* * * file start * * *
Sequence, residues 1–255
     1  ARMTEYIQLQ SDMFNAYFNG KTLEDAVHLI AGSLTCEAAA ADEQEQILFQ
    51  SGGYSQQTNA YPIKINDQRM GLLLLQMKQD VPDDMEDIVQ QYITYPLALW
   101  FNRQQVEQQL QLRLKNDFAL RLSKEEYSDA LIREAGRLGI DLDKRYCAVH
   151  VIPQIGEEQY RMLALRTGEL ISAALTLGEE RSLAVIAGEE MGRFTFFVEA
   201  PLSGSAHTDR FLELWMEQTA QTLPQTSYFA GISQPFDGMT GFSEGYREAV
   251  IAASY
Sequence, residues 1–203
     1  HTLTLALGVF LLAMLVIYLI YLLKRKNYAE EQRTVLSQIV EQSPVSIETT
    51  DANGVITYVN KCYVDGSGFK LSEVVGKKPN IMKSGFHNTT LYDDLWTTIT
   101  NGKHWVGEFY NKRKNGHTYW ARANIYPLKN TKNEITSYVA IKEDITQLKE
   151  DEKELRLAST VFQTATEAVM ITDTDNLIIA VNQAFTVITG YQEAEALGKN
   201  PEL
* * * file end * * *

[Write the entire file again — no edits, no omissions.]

Sequence, residues 1–255
     1  ARMTEYIQLQ SDMFNAYFNG KTLEDAVHLI AGSLTCEAAA ADEQEQILFQ
    51  SGGYSQQTNA YPIKINDQRM GLLLLQMKQD VPDDMEDIVQ QYITYPLALW
   101  FNRQQVEQQL QLRLKNDFAL RLSKEEYSDA LIREAGRLGI DLDKRYCAVH
   151  VIPQIGEEQY RMLALRTGEL ISAALTLGEE RSLAVIAGEE MGRFTFFVEA
   201  PLSGSAHTDR FLELWMEQTA QTLPQTSYFA GISQPFDGMT GFSEGYREAV
   251  IAASY
Sequence, residues 1–203
     1  HTLTLALGVF LLAMLVIYLI YLLKRKNYAE EQRTVLSQIV EQSPVSIETT
    51  DANGVITYVN KCYVDGSGFK LSEVVGKKPN IMKSGFHNTT LYDDLWTTIT
   101  NGKHWVGEFY NKRKNGHTYW ARANIYPLKN TKNEITSYVA IKEDITQLKE
   151  DEKELRLAST VFQTATEAVM ITDTDNLIIA VNQAFTVITG YQEAEALGKN
   201  PEL